Jesuit Missions managed to attract media attention with their colourful pop-up poster looking for an Irish farmer to work in Zambia. Jesuit ecologist Peter Walpole, a Limerick man, was back from The Philippines, and he too was looking for a volunteer Irish farmer to help him with his work there. He runs an agricultural school which teaches 300 young people. He also provides hands-on assistance to men and women farmers. helping them to produce such crops as coffee and bananas in an eco-friendly and productive way. He gave an interview to the RTE News At One, The Farmers’ Journal, and local radio. Four Irish farmers have expressed interest in these projects.
Messenger Publications had quite a bit of traffic, with a number of people reminiscing with Messenger staff about the Sacred Heart Messenger, which still has a large circulation in Ireland. The Messenger bookstand was also popular, displaying a variety of publications, old and new, from Jesuits and other spiritual authors. They managed to increase their sales figures over the three days. And Proinsias Mac Brádaigh, editor of An Timire (the Irish language equivalent of the Messenger) and Foilseacháin Ábhair Spioradálta publications had some worthy conversations ‘as gaeilge’.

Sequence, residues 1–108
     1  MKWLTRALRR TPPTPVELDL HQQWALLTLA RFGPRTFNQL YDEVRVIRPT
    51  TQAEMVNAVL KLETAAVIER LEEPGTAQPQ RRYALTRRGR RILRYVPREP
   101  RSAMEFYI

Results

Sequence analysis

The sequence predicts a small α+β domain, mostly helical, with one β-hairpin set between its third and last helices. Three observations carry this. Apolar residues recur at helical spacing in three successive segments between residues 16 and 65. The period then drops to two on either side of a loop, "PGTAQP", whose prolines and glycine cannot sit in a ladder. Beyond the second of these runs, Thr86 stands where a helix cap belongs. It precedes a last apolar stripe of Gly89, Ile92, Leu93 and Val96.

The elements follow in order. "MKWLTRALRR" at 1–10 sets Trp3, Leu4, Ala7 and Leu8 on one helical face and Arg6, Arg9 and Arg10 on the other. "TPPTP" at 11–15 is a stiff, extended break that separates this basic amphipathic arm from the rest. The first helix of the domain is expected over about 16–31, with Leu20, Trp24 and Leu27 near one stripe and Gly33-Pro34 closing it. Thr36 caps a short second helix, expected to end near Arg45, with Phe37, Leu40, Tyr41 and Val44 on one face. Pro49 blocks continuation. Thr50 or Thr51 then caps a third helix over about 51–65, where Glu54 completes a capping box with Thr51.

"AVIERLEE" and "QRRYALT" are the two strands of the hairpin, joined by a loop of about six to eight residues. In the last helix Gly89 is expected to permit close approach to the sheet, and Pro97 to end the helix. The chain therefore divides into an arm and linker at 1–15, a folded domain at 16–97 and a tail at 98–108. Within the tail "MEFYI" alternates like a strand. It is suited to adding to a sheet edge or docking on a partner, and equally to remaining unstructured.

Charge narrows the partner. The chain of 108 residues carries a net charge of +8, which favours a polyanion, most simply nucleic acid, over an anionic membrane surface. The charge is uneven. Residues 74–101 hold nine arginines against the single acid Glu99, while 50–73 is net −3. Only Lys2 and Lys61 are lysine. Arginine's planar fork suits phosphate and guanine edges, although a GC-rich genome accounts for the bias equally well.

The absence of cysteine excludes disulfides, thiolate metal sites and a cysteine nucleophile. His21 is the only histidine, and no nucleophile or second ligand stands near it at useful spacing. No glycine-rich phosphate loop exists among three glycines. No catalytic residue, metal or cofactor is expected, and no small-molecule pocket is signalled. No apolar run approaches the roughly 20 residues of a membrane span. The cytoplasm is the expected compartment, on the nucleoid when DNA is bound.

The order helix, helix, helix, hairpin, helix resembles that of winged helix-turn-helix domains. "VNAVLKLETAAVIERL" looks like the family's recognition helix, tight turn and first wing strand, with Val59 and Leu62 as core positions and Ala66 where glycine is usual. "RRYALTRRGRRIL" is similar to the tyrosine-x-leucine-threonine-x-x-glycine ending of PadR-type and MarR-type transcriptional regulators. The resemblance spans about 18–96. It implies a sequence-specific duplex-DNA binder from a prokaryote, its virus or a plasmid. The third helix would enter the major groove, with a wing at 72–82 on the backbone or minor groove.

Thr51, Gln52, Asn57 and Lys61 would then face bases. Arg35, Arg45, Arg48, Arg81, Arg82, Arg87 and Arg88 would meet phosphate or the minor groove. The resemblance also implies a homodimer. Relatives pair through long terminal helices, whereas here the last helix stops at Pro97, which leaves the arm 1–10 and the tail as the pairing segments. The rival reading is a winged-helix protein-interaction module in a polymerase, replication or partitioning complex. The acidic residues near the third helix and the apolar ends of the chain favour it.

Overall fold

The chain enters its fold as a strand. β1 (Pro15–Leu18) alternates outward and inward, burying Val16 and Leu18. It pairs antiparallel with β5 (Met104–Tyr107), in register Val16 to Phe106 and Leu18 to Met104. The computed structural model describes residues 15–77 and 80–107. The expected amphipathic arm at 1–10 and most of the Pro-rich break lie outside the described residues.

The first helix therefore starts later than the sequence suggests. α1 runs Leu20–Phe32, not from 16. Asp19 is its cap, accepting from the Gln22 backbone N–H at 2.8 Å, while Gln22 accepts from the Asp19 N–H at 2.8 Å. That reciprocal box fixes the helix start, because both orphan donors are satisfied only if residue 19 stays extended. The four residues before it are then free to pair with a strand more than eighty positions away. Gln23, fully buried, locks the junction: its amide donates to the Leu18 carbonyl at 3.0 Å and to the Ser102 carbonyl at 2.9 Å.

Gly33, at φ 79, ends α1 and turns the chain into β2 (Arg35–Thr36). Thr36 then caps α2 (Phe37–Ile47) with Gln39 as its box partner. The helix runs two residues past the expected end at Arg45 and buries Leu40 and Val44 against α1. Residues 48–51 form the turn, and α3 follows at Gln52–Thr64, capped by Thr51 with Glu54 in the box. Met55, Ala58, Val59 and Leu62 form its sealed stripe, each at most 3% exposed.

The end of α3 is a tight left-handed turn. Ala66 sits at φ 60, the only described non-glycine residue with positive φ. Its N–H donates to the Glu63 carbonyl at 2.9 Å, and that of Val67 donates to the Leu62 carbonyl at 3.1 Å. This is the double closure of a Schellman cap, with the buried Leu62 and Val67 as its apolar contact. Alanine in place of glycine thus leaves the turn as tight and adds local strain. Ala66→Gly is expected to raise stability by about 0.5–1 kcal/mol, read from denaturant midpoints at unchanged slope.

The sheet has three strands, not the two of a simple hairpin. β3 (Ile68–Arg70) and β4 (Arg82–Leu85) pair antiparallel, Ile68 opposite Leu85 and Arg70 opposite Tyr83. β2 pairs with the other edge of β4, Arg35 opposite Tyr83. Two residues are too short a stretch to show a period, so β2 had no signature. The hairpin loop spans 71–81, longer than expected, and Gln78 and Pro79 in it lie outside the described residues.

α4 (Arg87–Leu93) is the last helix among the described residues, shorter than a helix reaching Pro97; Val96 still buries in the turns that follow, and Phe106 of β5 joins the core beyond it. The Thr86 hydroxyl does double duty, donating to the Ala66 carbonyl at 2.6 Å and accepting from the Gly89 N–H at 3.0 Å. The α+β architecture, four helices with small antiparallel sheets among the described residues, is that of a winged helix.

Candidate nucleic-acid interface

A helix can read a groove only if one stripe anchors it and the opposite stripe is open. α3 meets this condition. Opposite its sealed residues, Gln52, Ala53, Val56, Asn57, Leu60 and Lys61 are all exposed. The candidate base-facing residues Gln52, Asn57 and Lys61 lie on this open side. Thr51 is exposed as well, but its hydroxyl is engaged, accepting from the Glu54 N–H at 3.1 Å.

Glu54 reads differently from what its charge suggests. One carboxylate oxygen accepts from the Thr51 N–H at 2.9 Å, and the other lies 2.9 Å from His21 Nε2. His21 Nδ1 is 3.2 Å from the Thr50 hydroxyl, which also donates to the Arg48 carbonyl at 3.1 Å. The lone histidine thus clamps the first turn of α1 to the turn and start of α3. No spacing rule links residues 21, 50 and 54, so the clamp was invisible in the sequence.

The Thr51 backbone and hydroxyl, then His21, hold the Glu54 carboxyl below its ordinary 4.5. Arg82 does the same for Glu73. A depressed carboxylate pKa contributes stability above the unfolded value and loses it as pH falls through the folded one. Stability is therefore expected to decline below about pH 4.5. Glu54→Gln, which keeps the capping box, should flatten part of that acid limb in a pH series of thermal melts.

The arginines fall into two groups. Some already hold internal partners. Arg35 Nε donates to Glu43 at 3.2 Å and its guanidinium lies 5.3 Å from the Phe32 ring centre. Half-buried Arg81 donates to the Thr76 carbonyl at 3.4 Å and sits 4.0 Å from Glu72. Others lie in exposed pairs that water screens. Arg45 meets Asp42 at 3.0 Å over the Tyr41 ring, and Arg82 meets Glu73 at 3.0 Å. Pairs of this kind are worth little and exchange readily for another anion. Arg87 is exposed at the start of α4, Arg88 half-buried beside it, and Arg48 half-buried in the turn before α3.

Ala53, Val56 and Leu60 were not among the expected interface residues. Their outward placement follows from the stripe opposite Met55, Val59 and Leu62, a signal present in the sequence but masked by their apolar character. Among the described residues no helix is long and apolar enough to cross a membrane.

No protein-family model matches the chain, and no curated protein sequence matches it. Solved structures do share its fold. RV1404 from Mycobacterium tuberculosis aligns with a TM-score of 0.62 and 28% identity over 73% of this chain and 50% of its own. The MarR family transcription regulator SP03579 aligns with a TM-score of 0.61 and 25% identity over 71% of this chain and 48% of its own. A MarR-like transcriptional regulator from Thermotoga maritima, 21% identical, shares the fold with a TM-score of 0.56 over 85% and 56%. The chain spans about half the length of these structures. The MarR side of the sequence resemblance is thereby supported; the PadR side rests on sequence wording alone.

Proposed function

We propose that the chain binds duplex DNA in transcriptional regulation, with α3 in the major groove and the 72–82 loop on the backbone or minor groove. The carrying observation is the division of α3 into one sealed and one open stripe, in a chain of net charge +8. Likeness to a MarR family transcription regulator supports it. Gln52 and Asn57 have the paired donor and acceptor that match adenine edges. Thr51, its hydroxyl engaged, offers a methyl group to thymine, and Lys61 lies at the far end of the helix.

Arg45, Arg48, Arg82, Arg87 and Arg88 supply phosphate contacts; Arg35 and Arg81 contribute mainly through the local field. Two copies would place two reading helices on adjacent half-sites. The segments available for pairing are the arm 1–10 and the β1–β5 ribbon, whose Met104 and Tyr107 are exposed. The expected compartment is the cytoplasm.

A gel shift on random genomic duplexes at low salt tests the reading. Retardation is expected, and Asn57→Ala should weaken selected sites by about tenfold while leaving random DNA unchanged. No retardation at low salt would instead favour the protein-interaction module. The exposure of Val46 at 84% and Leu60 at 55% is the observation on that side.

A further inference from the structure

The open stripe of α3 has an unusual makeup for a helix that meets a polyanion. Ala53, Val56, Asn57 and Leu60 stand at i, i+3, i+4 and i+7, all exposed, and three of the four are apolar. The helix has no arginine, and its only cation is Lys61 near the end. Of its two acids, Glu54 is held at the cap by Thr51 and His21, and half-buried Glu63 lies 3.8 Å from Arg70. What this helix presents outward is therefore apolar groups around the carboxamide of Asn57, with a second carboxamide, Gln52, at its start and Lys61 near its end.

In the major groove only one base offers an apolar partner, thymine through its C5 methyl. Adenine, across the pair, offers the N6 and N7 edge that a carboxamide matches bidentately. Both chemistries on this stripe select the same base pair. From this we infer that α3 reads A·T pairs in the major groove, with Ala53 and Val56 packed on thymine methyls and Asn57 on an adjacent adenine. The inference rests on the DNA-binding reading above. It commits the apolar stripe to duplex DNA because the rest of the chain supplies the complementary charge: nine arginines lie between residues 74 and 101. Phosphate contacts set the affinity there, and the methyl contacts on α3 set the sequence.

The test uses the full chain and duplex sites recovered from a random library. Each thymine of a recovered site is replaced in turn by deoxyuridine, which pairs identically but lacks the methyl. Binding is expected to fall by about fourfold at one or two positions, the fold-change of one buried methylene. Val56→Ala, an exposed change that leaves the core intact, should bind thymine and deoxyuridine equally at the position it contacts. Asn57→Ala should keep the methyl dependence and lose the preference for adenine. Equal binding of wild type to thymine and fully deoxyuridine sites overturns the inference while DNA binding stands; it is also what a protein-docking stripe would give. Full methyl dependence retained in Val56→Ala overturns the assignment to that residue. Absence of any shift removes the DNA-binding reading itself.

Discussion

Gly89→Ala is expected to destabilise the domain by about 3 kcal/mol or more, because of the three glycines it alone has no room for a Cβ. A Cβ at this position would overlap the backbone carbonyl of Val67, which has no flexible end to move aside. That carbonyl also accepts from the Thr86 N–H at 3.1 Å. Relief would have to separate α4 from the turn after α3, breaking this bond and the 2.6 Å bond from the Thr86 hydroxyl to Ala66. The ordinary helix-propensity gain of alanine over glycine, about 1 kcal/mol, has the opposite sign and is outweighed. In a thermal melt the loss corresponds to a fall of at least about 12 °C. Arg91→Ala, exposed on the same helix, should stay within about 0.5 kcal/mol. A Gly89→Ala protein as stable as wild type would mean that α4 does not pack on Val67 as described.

There was a good response to a small fold-out leaflet on Making Good Decisions offered to all visitors. It was specially produced by Jesuit Vocations as a guide for anyone facing an important decision. They compiled it using and adapting the wisdom of St Ignatius, especially in the area of discernment.
The weather was clement (mostly), the work was hard, and the welcome was warm. All involved certainly raised the profile of the Jesuits and their work. They received in return a sense of the goodness of people – real people. Also a deeper or renewed understanding of the Ignatian insight that one must meet people where they are.
The Jesuits presence at the ploughing championships was highlighted in a news article titled ‘Divine inspiration for one shepherd‘ in the Sunday Independent on 27 September. An article ‘Venerable John Sullivan’s crucifix blessings sought‘ was also published on CatholicIreland.net, while a photo of Frank Joy from Killorgan, Co Kerry, posing for a selfie outside the Jesuits in Ireland marquee was featured in the ‘Times present’ section in the Irish Times on Monday, 28 September.